A good friend lost her job recently, and she fears she might lose her house. We aren't in a position to help her financially, but can we assist in other ways?
Absolutely. Many people don't realize that a sudden loss of income manifests itself in many ways. According to University of Michigan research published by the American Psychological Association in 2002, unemployment can trigger "a vicious cycle of depression, loss of personal control, decreased emotional functioning and poorer physical health."
Many experts liken the feelings associated with job loss to the stages of grief experienced after a death or other devastating event. Those stages include shock, denial and anger, and for many people, this reaction could be serious enough to prevent sound decision-making at a time when serious consequences could result. If you can help your friend face those hurdles, you'll be doing her a tremendous favor.
First, let her know that it's normal for a job loss to have emotional as well as economic repercussions. Then, help her sort through her feelings and begin a plan of attack on the financial front. And that part is crucial: Many people try to hide financial problems from creditors until they get behind. But the best route is to contact creditors before missing a payment and ask if they would work with you to adjust payments until you get back on your feet. Often, the emotional reactions of people in this kind of situation prevent them from taking the proper economic steps.
Many free resources are available to help, but finding and reviewing them can seem overwhelming -- so this is another area where you can help. One place to start is a 10-part series, "Bouncing Back When Your Income Drops," offered by Penn State Cooperative Extension for free online at http://financialliteracy.cas.psu.edu/pubs.html.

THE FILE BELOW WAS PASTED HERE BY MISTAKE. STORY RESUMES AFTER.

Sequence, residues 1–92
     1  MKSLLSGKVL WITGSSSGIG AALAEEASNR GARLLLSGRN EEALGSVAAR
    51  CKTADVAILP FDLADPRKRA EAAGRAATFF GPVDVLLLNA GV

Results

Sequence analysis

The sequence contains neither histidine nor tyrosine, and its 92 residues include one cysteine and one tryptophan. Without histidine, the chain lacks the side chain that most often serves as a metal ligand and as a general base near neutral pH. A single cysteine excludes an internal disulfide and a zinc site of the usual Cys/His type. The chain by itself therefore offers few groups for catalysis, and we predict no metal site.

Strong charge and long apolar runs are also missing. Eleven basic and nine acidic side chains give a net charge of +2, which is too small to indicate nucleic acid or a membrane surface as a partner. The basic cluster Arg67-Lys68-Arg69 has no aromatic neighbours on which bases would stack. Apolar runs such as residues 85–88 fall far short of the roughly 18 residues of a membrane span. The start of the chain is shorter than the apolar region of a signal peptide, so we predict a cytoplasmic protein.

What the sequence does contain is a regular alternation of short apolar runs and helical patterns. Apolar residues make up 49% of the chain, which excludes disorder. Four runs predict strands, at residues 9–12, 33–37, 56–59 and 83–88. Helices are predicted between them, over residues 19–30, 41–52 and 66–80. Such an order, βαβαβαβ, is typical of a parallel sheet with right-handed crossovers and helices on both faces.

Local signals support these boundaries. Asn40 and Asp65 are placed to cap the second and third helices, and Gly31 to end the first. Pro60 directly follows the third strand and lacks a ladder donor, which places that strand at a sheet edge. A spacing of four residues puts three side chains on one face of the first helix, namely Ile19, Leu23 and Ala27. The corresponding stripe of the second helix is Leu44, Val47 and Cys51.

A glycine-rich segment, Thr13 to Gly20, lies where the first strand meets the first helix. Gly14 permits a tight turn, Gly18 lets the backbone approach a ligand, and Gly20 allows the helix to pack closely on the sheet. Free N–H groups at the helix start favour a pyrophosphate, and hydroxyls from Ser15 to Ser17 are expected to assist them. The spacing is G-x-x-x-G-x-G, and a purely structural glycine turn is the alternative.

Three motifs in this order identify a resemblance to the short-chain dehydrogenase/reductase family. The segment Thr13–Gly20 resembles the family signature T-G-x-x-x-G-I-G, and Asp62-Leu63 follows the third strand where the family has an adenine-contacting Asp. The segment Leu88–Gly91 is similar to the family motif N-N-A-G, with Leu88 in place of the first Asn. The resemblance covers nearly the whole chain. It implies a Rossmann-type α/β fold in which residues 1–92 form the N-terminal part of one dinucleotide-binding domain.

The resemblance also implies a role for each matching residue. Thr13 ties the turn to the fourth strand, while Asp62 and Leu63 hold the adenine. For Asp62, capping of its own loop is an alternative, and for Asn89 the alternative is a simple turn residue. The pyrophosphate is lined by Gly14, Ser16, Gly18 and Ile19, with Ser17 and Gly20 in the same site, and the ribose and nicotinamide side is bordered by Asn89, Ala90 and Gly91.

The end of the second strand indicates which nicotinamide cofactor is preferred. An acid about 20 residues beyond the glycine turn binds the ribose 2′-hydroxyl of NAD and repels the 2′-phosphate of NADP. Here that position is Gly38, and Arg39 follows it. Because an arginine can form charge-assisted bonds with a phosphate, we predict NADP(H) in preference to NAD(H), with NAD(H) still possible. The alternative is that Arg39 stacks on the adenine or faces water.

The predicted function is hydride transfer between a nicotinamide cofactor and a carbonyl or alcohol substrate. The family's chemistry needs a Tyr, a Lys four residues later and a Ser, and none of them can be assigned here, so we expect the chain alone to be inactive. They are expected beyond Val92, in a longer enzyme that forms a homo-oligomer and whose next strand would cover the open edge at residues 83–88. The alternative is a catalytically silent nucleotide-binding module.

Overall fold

University of Minnesota Extension has several similar resources available. "Adjusting to a Suddenly Reduced Income" and "Getting Through Tough Times" both might be helpful. Check them out at http://www.extension.umn.edu/moneyeveryday/. And Purdue Extension offers a nine-part series, "When Your Income Drops," at http://www.ces.purdue.edu/Living_on_Less/IncomeDrops.html.
Also, find community resources, starting with your county's Department of Job and Family Services (check the state site at http://jfs.ohio.gov). In addition, the New York State Department of Labor offers an eight-part "Job Search Guide for Professionals" that covers everything from handling the emotional impact of job loss to conducting a job search. It's online at http://www.labor.state.ny.us/careerservices/findajob/tableco.shtm.
Why not review some of these resources and decide which might be most helpful for your friend? Then call her up, buy her a cup of coffee, and help her decide on her next steps. It could be the best thing you could do for her.
Family Fundamentals is a monthly column on family issues. It is a service of Ohio State University Extension and the Ohio Agricultural Research and Development Center. Send questions to Family Fundamentals, c/o Martha Filipic, 2021 Coffey Road, Columbus, OH 43210-1044, or firstname.lastname@example.org.
Dear Subscriber: This column was reviewed by Nancy Hudson, Extension center specialist in family finances for Ohio State University Extension.